August also saw me off to the Melbourne Writers' Festival for the first time.  I appeared in a wonderful panel entitled Writing Fashion with Danielle Whitfield (curator) and Brownyn Cosgrove (textile conservator), who were both behind the Fashion Detective Exhibition for which I wrote The Bequest.  I was a guest author in the MWF/Dumbo Feather's conversation caravan, where I had coffee and nibbles and while talking to festival goers in the intimate setting of the an aluminium caravan parked in Federations Square.



The Melbourne Writers Festival was also an opportunity to catch up with writer friends.  I had a particularly glorious day with my dear friend and fellow crime-writer, Angela Savage .  We toasted her double short-listing (Ned Kelly Award, Davitt Award) for The Dying Beach, talked writing, people and plans.  We shopped for clothes and  knelt on the floor of chic bakery just so we could get the cake display into our selfie.

I also had dinner with gentleman and fellow writer, Steve Eather, (who I met through Rowland Sinclair) and some lovely ladies to whom he had introduced Rowland.  A perfectly charming evening in every way.


 While I was in Melbourne I began a program of releasing books  into the wild... I don't who'll find them or where they'll end up but it was great fun finding places to leave them.


Of course I was assisted in this book releasing excercise by my sister and my Dad, who were both in Melbourne, and Angela as well.  For some reason you feel a bit guilty leaving a book... like you're abandoning a child... or littering....







In amongst all this I was lecturing LIT221 at Charles Sturt University... my first academic appointment.   Had a brilliant time!  Conducted my last lecture just before I flew out for Melbourne and my dear students brought cake... because clearly if I have taught them anything, it is that literature is enhanced by cake!  My job is done!


Interview with Rowland Sinclair

My dear friend and fellow writer, Angela Savage, has invited me to join the Meet the Main Character Blog Tour, which involves posting an interview with ones main character and inviting other writers to do the same.  You can read an interview with Angela's vibrant and uncompromising private detective, Jayne Keeney here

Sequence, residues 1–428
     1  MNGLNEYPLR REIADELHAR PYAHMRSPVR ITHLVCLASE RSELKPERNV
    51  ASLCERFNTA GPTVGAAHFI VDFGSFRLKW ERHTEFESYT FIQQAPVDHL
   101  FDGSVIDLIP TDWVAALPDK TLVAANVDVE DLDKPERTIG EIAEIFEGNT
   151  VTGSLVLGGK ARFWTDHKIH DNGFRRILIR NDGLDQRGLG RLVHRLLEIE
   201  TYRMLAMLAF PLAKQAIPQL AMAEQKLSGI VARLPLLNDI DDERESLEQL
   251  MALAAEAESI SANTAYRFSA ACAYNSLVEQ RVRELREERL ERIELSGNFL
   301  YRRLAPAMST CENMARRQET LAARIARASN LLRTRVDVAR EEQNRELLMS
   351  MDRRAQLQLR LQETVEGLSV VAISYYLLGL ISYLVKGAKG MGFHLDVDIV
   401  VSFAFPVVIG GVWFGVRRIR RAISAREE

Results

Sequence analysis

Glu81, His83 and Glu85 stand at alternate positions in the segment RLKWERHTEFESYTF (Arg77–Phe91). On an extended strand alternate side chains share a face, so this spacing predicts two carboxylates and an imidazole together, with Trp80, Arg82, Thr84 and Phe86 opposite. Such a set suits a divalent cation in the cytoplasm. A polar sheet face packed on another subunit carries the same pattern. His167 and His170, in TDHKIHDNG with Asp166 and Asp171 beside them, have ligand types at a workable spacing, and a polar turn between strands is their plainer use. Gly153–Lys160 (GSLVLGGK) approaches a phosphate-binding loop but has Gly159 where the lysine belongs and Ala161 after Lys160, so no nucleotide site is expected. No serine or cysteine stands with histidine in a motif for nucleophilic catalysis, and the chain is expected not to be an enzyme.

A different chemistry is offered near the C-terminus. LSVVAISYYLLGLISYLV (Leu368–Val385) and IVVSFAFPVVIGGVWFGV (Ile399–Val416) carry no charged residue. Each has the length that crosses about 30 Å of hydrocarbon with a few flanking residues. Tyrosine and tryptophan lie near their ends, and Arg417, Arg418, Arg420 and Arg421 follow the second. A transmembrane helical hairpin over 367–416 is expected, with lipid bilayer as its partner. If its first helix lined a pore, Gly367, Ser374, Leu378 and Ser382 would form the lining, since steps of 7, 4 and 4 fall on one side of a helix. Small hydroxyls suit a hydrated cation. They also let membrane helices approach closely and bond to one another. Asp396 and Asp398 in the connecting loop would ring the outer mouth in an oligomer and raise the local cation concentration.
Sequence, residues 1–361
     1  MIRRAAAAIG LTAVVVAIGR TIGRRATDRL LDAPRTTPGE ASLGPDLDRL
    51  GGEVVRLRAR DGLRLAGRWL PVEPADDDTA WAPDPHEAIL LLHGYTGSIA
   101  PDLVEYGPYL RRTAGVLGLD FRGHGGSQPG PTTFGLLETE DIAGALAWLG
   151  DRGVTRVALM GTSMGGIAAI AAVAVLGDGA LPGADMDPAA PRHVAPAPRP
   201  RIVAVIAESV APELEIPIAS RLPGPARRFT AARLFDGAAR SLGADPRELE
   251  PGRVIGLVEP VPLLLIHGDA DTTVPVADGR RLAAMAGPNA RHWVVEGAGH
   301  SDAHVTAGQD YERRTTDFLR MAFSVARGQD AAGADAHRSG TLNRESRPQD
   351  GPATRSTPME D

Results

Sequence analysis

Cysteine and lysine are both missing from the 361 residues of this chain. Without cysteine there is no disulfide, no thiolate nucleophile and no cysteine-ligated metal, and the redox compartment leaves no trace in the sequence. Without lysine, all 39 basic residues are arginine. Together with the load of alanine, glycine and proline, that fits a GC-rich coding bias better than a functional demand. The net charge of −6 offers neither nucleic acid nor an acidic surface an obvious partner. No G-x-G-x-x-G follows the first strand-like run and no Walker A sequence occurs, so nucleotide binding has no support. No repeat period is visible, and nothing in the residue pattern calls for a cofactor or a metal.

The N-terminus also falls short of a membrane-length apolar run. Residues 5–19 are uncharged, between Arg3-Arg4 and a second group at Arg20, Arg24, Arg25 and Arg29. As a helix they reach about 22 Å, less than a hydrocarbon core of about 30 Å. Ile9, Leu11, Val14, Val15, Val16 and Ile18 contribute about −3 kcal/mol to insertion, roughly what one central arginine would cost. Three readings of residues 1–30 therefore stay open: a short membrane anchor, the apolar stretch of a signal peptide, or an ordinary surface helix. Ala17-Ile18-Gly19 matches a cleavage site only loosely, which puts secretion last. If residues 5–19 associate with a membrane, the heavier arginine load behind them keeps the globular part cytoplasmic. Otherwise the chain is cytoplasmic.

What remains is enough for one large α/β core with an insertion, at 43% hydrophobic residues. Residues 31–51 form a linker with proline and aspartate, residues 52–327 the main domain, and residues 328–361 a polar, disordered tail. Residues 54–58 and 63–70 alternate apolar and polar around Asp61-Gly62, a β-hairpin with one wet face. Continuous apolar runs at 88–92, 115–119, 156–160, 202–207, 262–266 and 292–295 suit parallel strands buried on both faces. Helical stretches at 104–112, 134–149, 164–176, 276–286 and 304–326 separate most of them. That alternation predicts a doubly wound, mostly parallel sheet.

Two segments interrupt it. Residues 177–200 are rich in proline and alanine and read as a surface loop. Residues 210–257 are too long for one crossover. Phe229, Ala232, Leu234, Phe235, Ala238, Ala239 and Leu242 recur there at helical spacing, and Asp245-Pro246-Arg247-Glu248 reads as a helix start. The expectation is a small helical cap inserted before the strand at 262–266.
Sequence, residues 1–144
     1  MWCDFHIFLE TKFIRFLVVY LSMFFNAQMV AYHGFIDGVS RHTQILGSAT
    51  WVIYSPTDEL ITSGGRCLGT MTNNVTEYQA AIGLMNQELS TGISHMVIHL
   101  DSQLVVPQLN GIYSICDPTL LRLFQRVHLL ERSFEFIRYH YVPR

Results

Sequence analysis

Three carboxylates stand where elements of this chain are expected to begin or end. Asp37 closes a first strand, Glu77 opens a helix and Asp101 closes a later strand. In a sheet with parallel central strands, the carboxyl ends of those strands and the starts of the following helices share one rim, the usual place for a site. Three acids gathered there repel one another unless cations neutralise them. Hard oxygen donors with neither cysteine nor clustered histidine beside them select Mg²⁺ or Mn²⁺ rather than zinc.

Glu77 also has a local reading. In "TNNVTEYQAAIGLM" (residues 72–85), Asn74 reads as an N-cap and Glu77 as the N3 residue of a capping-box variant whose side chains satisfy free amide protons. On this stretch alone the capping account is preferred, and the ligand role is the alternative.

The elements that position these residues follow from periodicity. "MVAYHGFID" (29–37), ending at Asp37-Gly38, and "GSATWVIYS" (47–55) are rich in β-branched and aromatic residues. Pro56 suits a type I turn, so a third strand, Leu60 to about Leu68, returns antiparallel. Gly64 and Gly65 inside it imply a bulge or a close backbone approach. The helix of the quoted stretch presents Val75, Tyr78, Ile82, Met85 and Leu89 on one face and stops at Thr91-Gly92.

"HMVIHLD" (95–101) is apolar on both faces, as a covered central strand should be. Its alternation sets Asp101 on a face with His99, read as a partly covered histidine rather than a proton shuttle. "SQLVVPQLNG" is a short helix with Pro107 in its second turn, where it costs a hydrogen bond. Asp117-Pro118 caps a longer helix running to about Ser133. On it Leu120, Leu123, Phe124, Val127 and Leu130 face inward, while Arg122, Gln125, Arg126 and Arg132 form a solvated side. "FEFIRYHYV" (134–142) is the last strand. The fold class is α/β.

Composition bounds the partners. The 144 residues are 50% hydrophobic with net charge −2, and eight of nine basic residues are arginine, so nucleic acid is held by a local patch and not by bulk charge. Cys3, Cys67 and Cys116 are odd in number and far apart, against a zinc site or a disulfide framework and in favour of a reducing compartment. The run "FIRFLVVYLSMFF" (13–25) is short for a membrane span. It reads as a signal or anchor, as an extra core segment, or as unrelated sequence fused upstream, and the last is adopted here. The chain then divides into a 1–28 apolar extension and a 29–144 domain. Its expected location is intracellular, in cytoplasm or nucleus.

Interviewing Rowland Sinclair was admittedly something of a challenge... he's not always forthcoming with information.  I was forced to resurrect my past as a lawyer and cross-examine him a little... so please forgive the extra questions - they were necessary.


What is your name?

Rowland Henry Ffrench Sinclair.  How do you do?

  •   French with two “f”s?

My mother’s family name.  My friends call me Rowly.


Are you a fictional or historical character?

Technically speaking, I’m a fabrication of Ms. Gentill’s rather restless imagination.  Or I was initially.


When and where is your story set?

I first became acquainted with Ms. Gentill at the end of 1931, in Sydney.  She simply arrived one day.  Judging by the state of her attire, I assumed that she was a financially embarrassed painter or sculptor who’d come in with one of my other houseguests.  As it turned out, Ms. Gentill is not an artist but a writer, and though she’s fairly unobtrusive, she won’t leave.  She always seems to be watching.  It was a somewhat unnerving at first, but I have, over the years, become accustomed to her peculiar presence.  She seems to turn up wherever I go now… New York, Germany, London… she’s quite the dogged traveller.


What should we know about you?

I loathe whiskey.  If you’d care to offer me a drink, please make it gin or sherry.  I’m also not too fond of Fascists.  I like dogs.